Bristol County, MA – Family Court Judge Katherine Field denied a motion to stop the use of electric shock on disabled students, a form of punishment that has been controversial for years after news of the practice first reached the public in 2013 when video surfaced of an 18-year-old student receiving dozens of shocks for refusing to take off his jacket.
“(The state) failed to demonstrate that there is now a professional consensus that the Level III aversive treatment used at JRC does not conform to the accepted standard of care for treating individuals with intellectual and developmental disabilities,” Judge Field wrote in her decision.
The facility in question is the Judge Rotenberg Educational Center (JRC), a special needs day and residential school in Canton, and it is the only school in the country that still uses electric shocks on its students. Records show that at least 58 students at the school have received shocks as of August 2017.
Despite the obvious ethical concerns with this practice, there is a cult-like support among the staff and even some parents for what they call “aversive treatment.”
A statement from the JRC Parents Group reads:
“As parents whose children attend and received treatment at the Judge Rotenberg Educational Center (JRC) we welcome the court’s ruling and repudiation of Massachusetts government officials at the Department of Developmental Service (DDS), who acted in bad faith and impermissibly made treatment decisions for JRC Clients—our children, just as officials within the agency had done in the 1980s and 1990s.”
However, the students being subjected to this abuse obviously disagree, and there are several former staff members who are now speaking out against the use of electric shock.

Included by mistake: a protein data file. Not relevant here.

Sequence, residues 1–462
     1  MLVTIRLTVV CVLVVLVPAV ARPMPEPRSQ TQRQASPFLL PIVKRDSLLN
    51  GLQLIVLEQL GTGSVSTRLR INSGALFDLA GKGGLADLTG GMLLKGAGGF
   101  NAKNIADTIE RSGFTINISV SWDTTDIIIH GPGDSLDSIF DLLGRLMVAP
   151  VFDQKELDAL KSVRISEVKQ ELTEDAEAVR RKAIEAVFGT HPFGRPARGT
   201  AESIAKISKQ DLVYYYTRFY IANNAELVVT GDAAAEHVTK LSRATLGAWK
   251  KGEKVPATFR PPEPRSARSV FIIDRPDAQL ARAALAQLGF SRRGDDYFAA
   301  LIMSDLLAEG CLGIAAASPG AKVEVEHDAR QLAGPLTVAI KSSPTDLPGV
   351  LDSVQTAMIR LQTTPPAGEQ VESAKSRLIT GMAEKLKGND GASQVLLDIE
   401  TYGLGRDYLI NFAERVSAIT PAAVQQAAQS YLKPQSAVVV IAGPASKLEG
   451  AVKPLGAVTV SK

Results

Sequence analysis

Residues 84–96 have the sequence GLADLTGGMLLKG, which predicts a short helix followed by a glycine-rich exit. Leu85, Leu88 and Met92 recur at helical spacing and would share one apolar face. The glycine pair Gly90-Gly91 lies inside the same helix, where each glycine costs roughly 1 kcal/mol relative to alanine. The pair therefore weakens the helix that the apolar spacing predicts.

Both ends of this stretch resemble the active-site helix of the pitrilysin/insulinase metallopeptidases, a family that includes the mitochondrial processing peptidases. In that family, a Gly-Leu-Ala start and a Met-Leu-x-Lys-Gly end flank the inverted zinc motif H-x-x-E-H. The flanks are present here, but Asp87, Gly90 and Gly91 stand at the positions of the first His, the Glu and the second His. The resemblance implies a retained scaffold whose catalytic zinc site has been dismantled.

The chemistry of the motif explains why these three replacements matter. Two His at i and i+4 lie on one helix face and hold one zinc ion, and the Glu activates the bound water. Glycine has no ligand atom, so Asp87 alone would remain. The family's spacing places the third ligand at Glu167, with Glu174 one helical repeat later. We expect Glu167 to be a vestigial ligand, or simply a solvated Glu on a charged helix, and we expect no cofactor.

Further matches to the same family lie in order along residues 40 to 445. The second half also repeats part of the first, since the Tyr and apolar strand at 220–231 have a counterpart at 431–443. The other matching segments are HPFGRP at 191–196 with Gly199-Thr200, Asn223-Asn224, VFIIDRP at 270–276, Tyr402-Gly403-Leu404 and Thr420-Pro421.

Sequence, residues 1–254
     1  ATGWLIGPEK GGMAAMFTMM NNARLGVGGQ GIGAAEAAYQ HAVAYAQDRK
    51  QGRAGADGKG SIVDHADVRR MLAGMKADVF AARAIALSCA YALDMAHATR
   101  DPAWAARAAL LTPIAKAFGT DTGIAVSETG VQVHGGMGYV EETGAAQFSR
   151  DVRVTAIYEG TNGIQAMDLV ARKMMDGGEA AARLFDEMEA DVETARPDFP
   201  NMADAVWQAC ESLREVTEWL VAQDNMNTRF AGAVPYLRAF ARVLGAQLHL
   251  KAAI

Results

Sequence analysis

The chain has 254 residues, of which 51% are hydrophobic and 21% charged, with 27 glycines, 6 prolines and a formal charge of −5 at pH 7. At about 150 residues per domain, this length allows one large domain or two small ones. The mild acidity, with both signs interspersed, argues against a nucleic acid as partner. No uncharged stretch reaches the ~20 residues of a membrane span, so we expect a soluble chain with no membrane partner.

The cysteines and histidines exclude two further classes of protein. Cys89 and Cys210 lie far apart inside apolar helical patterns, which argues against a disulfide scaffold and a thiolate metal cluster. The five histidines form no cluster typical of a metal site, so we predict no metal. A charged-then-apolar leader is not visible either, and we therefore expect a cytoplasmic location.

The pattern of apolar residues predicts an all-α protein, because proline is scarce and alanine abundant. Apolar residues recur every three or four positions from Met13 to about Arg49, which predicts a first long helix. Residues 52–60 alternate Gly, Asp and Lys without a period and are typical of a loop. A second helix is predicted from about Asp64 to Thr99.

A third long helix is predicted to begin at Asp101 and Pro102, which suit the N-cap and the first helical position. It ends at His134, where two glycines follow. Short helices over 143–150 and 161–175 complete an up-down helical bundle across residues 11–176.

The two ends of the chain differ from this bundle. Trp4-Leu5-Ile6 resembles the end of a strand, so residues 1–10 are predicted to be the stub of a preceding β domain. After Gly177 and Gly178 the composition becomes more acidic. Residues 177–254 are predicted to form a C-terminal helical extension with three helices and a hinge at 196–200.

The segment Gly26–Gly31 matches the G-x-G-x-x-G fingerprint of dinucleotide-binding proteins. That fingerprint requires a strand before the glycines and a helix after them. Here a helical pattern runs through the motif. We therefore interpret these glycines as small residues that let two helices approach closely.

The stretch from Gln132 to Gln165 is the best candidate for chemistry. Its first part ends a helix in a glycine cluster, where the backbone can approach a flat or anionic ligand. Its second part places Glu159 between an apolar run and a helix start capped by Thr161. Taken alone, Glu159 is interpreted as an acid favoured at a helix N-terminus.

Whistleblower Greg Miller, who taught at the facility from 2003-2006, told MassLive.com that he truly believed that this barbaric therapy was saving lives.
“I believed in that place at first because I was told that it was the only place in the world that could really save these kids lives and most of them would be dead if they weren’t hooked up to the electric shock,” Miller said.
Miller said that electric shock was used on students for the smallest infractions, even something as small as standing up or speaking without permission. Eventually, he began to observe that the students were horrified of the shocks and they were rarely aggressive enough to require such a painful punishment.
“I was seeing more and more ways I could do something other than shock the students,” Miller said.
Miller ultimately quit, unable to cope with the ethical dilemma that came along with the job.
The use of shock therapy has been proven to be ineffective, and it is not used very often because other treatments work much better.
“People don’t use it anymore because they don’t need to. It is not the standard of care. There are alternative procedures that do not involve aversives like electronic shock. And I am not talking about drugs as an alternative. I am talking about other behavioral treatments,” Dr. William Pelham, a behavioral specialist, and director of the Center for Children and Families at the State University of New York at Buffalo, told the New York Times.
The things that have taken place at JRC have prompted calls for the FDA to ban the use of electric shock as a punishment for students, but the FDA has ignored the issue and even had protesters arrested for attempting to raise awareness about the issue outside of their headquarters.
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